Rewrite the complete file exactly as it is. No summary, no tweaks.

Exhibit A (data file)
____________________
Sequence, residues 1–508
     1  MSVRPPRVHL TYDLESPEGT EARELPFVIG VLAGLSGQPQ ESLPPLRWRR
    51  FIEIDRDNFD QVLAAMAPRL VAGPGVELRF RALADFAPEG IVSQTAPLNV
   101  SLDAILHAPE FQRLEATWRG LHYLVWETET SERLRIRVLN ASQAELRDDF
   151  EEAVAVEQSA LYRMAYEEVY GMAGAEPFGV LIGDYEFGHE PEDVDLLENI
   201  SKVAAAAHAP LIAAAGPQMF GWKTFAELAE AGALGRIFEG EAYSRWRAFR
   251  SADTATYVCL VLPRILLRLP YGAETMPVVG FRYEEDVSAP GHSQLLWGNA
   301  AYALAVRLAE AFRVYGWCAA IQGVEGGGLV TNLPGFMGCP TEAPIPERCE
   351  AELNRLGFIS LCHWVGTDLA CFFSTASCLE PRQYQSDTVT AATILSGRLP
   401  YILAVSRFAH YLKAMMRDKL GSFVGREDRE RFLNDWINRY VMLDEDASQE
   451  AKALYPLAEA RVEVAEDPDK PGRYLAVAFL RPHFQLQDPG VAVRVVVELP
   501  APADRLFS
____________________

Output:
Sequence, residues 1–508
     1  MSVRPPRVHL TYDLESPEGT EARELPFVIG VLAGLSGQPQ ESLPPLRWRR
    51  FIEIDRDNFD QVLAAMAPRL VAGPGVELRF RALADFAPEG IVSQTAPLNV
   101  SLDAILHAPE FQRLEATWRG LHYLVWETET SERLRIRVLN ASQAELRDDF
   151  EEAVAVEQSA LYRMAYEEVY GMAGAEPFGV LIGDYEFGHE PEDVDLLENI
   201  SKVAAAAHAP LIAAAGPQMF GWKTFAELAE AGALGRIFEG EAYSRWRAFR
   251  SADTATYVCL VLPRILLRLP YGAETMPVVG FRYEEDVSAP GHSQLLWGNA
   301  AYALAVRLAE AFRVYGWCAA IQGVEGGGLV TNLPGFMGCP TEAPIPERCE
   351  AELNRLGFIS LCHWVGTDLA CFFSTASCLE PRQYQSDTVT AATILSGRLP
   401  YILAVSRFAH YLKAMMRDKL GSFVGREDRE RFLNDWINRY VMLDEDASQE
   451  AKALYPLAEA RVEVAEDPDK PGRYLAVAFL RPHFQLQDPG VAVRVVVELP
   501  APADRLFS